Children who are hospitalized in sub-Saharan Africa are dying from Covid-19 at a higher rate than children in the United States or Europe, according to a new multicenter study published today in JAMA Pediatrics.
The research has been directed by the epidemiologist of infectious diseases of the University of Pittsburgh (United States), Jean Nachega, which has revealed that babies under one year old, admitted to 25 hospitals with Covid-19 between March and December 2020, had almost five times the risk of death than adolescents aged 15 to 19.
“Although our study looked at pre-pandemic data, the situation has not changed much for children in Africa; in any case, it is expected to worsen with the global appearance of the highly contagious Omicron variant, ”said the researcher.
Specifically, they have examined the results of 469 children whose ages ranged from three months to 19 years and who were hospitalized in one of these countries: Democratic Republic of the Congo, Ghana, Kenya, Nigeria, South Africa and Uganda. A quarter of the children had pre-existing conditions, 18 had confirmed or suspected multi-system inflammatory syndrome, a serious complication of Covid-19 in which different parts of the body become inflamed.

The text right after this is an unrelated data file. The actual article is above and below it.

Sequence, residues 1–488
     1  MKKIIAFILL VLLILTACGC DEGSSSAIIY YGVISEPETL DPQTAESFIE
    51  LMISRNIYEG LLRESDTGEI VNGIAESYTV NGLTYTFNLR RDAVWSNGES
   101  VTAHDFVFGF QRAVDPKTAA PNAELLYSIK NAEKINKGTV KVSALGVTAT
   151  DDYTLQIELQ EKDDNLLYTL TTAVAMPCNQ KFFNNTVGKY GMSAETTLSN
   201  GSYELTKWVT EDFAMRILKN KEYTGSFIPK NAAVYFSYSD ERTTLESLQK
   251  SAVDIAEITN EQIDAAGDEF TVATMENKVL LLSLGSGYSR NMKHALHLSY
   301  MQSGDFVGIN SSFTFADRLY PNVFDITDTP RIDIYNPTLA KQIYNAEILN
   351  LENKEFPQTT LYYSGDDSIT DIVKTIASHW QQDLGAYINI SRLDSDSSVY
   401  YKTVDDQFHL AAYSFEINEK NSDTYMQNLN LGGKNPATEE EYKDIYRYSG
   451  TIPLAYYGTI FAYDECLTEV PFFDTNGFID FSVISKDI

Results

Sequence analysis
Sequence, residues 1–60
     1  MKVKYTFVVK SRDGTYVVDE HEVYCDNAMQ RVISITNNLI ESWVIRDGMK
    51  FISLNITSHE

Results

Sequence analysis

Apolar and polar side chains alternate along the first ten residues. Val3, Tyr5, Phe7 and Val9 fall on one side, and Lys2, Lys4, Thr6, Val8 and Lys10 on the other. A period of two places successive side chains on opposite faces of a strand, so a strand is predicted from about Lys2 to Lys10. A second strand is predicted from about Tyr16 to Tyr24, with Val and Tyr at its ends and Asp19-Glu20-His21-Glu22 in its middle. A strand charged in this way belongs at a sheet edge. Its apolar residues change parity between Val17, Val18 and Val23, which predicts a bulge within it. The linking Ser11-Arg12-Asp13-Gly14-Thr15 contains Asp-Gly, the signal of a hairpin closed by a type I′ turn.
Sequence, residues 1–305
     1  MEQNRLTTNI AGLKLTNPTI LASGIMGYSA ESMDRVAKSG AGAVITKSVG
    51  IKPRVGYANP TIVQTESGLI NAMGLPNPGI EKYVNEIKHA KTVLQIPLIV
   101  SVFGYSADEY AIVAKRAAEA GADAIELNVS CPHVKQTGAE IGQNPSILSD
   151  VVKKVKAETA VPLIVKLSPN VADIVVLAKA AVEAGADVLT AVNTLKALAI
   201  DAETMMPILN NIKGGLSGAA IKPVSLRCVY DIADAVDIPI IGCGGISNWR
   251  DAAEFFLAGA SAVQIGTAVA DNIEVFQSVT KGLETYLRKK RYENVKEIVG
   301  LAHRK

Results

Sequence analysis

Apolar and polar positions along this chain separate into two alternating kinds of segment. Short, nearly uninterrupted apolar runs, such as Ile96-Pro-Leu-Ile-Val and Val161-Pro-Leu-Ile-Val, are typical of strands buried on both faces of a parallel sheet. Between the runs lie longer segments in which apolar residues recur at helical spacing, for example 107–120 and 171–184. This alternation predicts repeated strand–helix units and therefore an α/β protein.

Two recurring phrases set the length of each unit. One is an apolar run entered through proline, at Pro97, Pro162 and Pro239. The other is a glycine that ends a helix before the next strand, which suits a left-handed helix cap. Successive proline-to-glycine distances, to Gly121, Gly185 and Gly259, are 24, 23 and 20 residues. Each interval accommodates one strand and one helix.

The study, which included researchers from the six African countries that provided data, found that 34.6 percent of hospitalized children were admitted to an intensive care unit (ICU) or required supplemental oxygen, and 21.2 percent One hundred of those admitted to the ICU required mechanical ventilation. During the time period studied, more than eight percent of the children died. This compares with rates between one and five percent that have been reported in high-income countries.
“The high morbidity and mortality associated with children hospitalized with Colvid-19 in our study challenge the existing understanding of Covid-19 as a mild disease in this population. But if a child has a comorbidity, is very young, and is in a setting where there are no or no specialized doctors, limited pediatric intensive care facilities or equipment, then that child faces a very real possibility of dying,” Nachega said. For this reason, this research team, led by Nachega, has demanded an urgent vaccination campaign in African countries for minors and adolescents.